But as general observations are little intelligible, until they are made perspicuous in examples, we shall select an instance which has been chosen by Mr. N. to illustrate the comparative stability of his system. One of the first and most remarkable passages, in which the Byzantine and Palestine texts differ, is the following, which we subjoin as read in the vulgar edition...
MATT. XX. 22, 23.
Οὐκ οἴδατε τί αἰτεῖσθε. δύνασθε πιεῖν τὸ ποτήριον, ὃ ἐγὼ μέλλια πίνειν, καὶ τὸ βάπτισμα ὃ ἔγω βαπτίζομαι, βαπτισθῆναι; Λέγεσιν αὐτῷ· δυνάμεθα. Καὶ λέγει αὐτοῖς· τὸ μὲν ποτήριόν με πίεσθε, κα τὸ βάπτισμα ὃ ἔγω βαπτίσζομαι, βαπτισθήσεσθε. τὸ δὲ καθίσαιVulg.
The following clause of this passage is rejected by Dr. Griesbach, on the authority of the Alexandrian and Western editions; but is supported by Mr. Nolan, page 381, on the annexed au thorities of the primitive Italic and Syriac;
In support of the corrected reading Dr. Griesbach, not. in h. 1., refers to Origen, Comm. in Matt. vol. iii. p. 717. In support of the vulgar reading Mr. Nolan refers, p. 498. n., to the higher testimony of St. Irenæus, adv. Hær. lib. I. cap. xxi. §. 2. p. 94. The latter father having declared, that the Marcionites cited the disputed passage, to support their notion of a second baptism, in order to wash away the pollution contracted after the first; Mr. N. thence infers, that the testimony of St. Irenæus and the Marcionites supports the Byzantine reading, and clearly points out the source of the error in the Egyptian and Palestine edition: the disputed passage having been removed, as favoring the error of the Marcionites. On this supposition the varieties in the passage are adequately accounted for; but on that of Dr. Griesbach, it is wholly inexplicable that the orthodox should have inserted a passage in their copies which favored the errors of the heretics, at the early period in which it must have made its way into the text, as it is found in the primitive Italic and Syriac Versions.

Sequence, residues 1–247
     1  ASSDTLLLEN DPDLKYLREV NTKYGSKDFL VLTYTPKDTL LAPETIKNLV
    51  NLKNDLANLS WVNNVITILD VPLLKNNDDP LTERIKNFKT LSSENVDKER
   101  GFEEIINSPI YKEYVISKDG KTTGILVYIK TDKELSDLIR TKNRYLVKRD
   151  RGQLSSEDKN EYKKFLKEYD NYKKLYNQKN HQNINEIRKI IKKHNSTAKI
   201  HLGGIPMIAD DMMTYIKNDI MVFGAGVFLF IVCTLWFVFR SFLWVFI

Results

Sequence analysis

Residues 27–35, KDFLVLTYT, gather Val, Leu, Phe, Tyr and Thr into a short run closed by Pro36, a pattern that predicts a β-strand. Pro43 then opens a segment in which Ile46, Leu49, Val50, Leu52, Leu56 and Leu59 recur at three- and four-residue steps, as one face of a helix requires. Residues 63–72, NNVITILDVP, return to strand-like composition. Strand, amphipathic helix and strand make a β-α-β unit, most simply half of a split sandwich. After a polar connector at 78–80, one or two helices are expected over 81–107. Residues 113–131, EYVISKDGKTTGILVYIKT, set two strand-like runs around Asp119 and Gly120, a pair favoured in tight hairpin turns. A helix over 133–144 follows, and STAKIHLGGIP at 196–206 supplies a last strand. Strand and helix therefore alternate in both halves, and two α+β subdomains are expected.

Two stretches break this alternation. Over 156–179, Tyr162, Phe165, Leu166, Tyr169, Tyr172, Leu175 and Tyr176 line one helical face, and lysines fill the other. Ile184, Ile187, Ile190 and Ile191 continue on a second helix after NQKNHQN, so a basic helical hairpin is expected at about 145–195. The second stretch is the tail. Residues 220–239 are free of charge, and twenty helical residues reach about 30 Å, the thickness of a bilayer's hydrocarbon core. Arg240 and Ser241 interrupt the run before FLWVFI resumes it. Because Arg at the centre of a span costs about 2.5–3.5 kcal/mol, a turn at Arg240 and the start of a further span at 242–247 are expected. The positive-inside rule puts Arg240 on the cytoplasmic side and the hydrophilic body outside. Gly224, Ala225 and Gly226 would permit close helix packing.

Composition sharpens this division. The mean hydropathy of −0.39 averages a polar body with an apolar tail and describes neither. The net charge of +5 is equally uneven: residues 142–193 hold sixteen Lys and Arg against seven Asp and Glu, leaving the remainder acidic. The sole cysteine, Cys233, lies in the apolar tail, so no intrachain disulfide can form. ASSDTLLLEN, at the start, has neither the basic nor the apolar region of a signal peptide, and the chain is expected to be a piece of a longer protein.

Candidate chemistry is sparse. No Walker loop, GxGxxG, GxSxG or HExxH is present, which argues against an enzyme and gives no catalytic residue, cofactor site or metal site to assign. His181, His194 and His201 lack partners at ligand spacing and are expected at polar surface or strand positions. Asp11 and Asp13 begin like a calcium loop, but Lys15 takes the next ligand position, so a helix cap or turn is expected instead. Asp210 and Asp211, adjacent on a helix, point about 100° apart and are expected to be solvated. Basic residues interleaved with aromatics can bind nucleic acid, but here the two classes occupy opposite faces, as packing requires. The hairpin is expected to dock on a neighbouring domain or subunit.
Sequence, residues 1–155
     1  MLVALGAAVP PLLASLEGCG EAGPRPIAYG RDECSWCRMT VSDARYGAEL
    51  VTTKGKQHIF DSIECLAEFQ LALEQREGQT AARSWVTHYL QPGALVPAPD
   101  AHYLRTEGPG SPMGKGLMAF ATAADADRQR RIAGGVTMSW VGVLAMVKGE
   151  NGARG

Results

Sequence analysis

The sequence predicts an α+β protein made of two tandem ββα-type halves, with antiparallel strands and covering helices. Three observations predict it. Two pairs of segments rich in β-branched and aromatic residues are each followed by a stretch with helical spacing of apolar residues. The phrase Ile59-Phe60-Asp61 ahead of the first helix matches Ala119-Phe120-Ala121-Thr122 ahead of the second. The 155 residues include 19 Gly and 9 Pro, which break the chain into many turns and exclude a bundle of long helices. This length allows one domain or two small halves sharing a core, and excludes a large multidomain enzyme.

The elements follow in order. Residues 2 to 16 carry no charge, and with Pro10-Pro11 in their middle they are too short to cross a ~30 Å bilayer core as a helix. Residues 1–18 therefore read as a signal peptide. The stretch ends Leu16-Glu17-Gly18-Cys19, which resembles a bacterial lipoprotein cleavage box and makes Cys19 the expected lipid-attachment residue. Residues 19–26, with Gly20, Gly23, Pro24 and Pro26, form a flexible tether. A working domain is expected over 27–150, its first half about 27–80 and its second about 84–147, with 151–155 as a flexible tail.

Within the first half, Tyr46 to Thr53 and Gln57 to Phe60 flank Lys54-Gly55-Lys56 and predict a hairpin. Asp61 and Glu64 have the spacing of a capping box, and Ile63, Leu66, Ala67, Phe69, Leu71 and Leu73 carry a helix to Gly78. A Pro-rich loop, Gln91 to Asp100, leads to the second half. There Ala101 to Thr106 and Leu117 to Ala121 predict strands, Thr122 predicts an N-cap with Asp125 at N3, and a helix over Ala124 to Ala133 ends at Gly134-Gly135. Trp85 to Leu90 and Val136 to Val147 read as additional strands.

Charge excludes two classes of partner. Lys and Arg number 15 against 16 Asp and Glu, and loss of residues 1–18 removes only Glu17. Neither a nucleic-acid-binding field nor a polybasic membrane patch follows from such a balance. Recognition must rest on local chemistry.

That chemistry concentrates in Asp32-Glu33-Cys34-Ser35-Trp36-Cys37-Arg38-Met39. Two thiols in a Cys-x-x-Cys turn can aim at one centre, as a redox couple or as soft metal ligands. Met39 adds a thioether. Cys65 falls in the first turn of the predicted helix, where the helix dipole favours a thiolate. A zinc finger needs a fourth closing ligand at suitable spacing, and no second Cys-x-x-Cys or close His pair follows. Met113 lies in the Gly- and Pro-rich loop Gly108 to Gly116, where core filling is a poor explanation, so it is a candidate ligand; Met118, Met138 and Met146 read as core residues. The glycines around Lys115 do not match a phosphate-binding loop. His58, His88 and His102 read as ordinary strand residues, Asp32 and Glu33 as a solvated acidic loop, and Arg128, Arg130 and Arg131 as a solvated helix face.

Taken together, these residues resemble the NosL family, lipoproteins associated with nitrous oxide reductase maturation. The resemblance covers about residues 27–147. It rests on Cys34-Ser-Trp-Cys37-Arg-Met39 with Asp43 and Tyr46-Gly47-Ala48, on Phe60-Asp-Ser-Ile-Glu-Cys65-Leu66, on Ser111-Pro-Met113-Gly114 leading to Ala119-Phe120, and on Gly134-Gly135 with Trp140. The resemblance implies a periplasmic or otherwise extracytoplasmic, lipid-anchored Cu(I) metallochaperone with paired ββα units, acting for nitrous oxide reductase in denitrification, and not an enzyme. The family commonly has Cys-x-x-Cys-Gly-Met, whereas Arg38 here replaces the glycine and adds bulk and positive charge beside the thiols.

The following account which is given by Mr. N. of the method in which the Egyptian and Palestine texts have been corrupted in the foregoing passage, will further exemplify his theory, and shew the stability of the principles on which it is rested.
"Origen, in expounding the passage before us, was thoroughly aware of the use to which it had been applied by the hereticks; he consequently obviates the conclusion which might be deduced from it, by expounding it so as to shut out the notion of a second baptism. In one of the two places where he has referred to it, he supplies the present ivw, for the future μλλw river, contrary to the text of St. Matthew; Orig. Exhort. ad Martyr. Tom. I. p. 291. b. ἥνικα γὰς μείζονος ὠρέγοντο τιμῆς οἱ θέλοντες ἐκ δεξιῶν καὶ ἐξ εὐωνύμων καθεσθῆ. ναι τῷ Ἰησῦ ἐν τῇ βασιλείᾳ αὐτῷ, φησὶ πρὸς αὐτὲς ὁ Κύριος· 6 δύνασθε πιεῖν τὸ ποήριον ὃ ἐγὼ πίνω ; ποτήριον λέγων τὸ μαρτύριον· St. Matthew however reads δύνασθε πιεῖν τὸ ποτήριον ὃ ἐγὼ μέλλω πίνειν· In the other, he corrects himself, fully acknowledging the vulgar reading to be genuine, while he qualifies it by referring to St. Mark, who had written wvw for μin Tiv; Id. Comm. in Mat. Tom. III. p. 717. *· ἀποκριθεὶς [ὁ Ιησές] εἶπε μετά τό 6 δύνασθε πιεῖν τὸ ποτήριον, ὃ ἐγὼ μέλλω πινιῶν; ἢ ὡς ὁ Μάρκος ἀνέγραψε ο δύνασθε τὸ ποτήριον πιεῖν ὃ ἐγὼ πίνω ἢ τὸ βάπτισμα, ὃ ἐγὼ βαπτίζομαι, βαπλισθῆναι.” The difference
between St. Matthew and St. Mark consequently lay, not in the one having omitted, and the other retained, τὸ βάπισμα ὁ ἐγὼ βαπλίζομαι βαπλισθῆναι; but in the one having read ἐγὼ πίνω, the other ἐγὼ μέλλω
VELV. But this distinction having been overlooked by the reviser of the Egyptian text, the former notion was adopted, and the passage accordingly cancelled, apparently with Origen's sanction, who was thus completely misrepresented."" Having been suppressed in the Egyptian text on Origen's authority misunderstood, it was consequently omitted, on the strength of the same authority in the Palestine edition. After the example of the former text, it was omitted of course in the Sahidick and revised Italick versions; and after that of the latter, in the Latin Vulgate, Coptick, Ethiopick, and Persick. And as St. Epiphanius and Jerome followed the Palestine text, and St. Hilary, Ambrose, and Juvencus, used the revised Italick translation, it is of course omitted in their writings." P. 498.